This is a photo of me getting my infected middle finger sliced open by a Balinese doctor in a strange clinic, sans freezing. They didn’t have much on hand and didn’t want to waste it on my silly finger so he took a scalpel to it while I made these faces and tried to breathe through it. It was super gross and painful and required a FUN re-slicing 3 days later. It was also a little scary- the type of infection I had can spread to into your hand or eventually, into your blood. It was the first time I’ve ever had to consider the possibility of flying home to get treatment and discuss a contingency plan if it got worse. It’s easy to share beautiful vacation memories but we rarely talk about all the shit that comes along with travel. It’s rare to hear people talk about or post about getting sick or the inconveniences and struggles that come along with it. Travel is a lot like life- good and bad, punctuated by moments of extreme highs and extreme lows. When we left on this trip, we made a pact to take a photo whenever something bad happened.
Here’s a few things you didn’t see:
-The 3 sinus infections I got because I was essentially allergic to southwest England, most of Morocco and all of northern Vietnam
-The water parasites we got on the north african coast, nasty little buggers than caused me to be temporarily lactose intolerant for 6 goddamn months (yea you think travel is exotic? Google giardia-induced lactose intolerance and try not eating cheese for SIX MONTHS. I still want a trophy for this)
two kids who are thrilled that they paid $$ to come to a moroccan surf camp, only to spend the whole week in bed with water parasites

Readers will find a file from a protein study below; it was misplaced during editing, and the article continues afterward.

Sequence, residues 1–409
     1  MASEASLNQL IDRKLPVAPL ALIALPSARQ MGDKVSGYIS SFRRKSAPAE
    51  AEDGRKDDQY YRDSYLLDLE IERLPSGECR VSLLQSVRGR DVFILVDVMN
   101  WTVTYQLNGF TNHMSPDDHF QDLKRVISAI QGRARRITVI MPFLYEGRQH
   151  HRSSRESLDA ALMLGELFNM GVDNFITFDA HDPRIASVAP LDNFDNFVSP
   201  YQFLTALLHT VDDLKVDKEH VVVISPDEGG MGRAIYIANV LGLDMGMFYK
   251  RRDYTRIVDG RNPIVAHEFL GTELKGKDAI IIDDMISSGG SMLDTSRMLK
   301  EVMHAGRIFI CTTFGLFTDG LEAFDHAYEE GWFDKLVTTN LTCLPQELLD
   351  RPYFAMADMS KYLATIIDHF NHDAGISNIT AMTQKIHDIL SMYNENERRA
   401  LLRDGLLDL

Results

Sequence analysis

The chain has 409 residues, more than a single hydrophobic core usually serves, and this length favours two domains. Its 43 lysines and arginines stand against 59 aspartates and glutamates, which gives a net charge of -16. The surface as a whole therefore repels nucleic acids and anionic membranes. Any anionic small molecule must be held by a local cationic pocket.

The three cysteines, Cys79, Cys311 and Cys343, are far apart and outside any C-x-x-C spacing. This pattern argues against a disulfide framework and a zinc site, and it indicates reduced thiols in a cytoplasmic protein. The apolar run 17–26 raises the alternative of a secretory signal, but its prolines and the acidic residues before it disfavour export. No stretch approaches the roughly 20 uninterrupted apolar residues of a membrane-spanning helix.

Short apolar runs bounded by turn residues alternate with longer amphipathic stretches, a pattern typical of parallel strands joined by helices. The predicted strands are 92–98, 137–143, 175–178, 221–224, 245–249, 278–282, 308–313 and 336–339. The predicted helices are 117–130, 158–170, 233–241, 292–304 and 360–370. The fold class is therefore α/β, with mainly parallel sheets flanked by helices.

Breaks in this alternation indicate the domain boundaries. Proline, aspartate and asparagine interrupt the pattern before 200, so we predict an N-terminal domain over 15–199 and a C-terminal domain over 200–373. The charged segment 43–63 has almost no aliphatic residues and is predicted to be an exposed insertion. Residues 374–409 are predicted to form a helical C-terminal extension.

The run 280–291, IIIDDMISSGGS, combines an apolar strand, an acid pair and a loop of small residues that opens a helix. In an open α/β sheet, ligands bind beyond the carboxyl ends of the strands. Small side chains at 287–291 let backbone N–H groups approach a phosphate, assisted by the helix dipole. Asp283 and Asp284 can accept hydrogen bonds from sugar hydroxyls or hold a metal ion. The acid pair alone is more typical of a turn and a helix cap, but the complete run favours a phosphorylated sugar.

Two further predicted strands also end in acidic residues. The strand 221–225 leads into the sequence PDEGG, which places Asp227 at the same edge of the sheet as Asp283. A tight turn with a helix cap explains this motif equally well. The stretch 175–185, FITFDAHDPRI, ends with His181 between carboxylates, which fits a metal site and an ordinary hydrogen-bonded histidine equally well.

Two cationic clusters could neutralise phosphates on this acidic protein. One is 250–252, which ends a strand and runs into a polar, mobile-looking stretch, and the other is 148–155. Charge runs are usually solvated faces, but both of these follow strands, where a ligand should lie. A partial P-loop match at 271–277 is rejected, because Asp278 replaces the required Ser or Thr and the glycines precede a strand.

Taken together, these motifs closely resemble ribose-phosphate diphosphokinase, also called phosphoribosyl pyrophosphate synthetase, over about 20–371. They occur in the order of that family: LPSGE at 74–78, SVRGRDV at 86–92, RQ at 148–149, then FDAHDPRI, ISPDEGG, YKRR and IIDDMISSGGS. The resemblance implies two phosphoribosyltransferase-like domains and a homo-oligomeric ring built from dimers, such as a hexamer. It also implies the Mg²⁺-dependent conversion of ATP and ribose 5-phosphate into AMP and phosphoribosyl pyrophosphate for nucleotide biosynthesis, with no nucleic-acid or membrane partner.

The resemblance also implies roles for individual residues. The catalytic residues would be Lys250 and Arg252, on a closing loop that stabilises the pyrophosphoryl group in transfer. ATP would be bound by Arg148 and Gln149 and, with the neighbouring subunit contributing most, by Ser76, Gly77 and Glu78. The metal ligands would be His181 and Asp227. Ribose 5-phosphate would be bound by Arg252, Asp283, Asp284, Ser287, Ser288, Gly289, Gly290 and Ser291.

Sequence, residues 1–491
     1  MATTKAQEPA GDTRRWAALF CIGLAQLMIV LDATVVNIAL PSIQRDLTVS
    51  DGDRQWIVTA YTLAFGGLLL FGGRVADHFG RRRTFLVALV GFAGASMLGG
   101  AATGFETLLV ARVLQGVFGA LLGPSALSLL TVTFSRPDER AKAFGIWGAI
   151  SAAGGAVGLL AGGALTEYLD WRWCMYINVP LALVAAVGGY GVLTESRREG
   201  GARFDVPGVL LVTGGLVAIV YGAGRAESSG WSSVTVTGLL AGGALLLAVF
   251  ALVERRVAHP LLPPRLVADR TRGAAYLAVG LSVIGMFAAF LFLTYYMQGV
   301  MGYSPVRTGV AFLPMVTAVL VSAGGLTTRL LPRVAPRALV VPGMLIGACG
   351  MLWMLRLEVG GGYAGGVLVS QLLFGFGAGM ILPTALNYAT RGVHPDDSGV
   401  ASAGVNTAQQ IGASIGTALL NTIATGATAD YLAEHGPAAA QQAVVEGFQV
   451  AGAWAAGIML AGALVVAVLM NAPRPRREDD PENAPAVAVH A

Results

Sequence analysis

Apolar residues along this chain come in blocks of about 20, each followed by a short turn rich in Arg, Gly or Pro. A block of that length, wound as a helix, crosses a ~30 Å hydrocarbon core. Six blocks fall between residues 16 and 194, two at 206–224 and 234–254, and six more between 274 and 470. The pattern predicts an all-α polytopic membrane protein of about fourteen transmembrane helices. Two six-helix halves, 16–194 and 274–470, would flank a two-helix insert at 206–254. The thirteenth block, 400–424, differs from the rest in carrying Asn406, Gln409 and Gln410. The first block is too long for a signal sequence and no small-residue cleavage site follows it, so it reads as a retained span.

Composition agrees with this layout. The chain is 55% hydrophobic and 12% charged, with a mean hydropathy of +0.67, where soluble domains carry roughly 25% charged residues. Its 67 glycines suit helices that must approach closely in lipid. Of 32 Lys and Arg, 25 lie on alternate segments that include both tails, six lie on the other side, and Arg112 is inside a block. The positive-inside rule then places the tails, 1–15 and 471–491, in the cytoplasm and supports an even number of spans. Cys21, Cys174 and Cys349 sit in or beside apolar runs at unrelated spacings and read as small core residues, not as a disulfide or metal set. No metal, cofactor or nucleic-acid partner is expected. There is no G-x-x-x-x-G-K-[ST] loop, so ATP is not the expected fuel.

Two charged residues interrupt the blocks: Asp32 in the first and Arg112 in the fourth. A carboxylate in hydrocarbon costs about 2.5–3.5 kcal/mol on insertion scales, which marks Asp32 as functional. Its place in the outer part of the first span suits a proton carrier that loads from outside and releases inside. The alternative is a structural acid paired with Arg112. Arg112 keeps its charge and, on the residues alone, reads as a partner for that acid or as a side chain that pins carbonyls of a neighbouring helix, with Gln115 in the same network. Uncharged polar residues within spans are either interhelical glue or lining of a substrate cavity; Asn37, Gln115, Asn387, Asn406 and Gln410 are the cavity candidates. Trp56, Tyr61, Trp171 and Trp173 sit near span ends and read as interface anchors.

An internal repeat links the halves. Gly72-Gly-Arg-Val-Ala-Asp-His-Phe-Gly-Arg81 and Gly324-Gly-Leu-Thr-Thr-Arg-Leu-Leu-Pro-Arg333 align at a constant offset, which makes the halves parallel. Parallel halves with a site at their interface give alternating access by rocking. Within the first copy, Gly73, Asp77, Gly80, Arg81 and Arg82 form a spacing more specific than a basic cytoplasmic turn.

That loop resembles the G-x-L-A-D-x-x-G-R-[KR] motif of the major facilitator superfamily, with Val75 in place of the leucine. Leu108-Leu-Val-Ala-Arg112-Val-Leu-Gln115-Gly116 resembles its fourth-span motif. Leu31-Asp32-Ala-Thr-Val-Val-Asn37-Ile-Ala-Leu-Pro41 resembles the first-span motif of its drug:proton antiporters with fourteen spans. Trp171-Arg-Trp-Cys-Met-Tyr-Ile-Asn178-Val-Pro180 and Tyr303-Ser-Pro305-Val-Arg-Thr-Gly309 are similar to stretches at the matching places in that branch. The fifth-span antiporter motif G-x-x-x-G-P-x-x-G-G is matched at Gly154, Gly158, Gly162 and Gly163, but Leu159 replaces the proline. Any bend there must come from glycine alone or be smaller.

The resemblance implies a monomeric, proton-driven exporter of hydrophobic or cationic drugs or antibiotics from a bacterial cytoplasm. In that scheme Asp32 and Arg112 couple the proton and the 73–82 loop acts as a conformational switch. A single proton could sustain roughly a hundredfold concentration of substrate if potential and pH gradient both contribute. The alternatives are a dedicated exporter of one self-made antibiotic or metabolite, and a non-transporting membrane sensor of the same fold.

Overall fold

-The VISA fiasco at the Thailand/Vietnam border that stranded us for the night and cost $400 to fix
-The hours and hours and hours spent waiting in airport lines and visa lines and bathroom lines and immigration lines
-The bank machine in Tanzania that stole a bunch of my money that I’m still waiting to get back. Which was immediately followed by a banking glitch that caused me to think that 6k had been stolen from my accounts and sob in frustration for 6 hours until someone figured it out.
-That last one happened just one week after discovering my credit card had been cancelled by my bank due to some suspicious activity. They had to overnight me a new one and getting it delivered to an actual address in a place that has no actual addresses beyond ‘go down the dirt road and turn left at the chicken coop with the yellow roof’ was a special kind of hell.
-The yelling match I got in with a bus company in Ho Chi Min after they gave us the wrong address for pickup, causing us to miss our bus (not my finest moment)
-The asthma attacks I had/almost had every few days lugging this green monster all around the world
debating which puffer to get out of my bag so I didn’t die in a Paris subway station
-All the tears I cried after hanging up the phone with my grandmother or goddaughter or best friend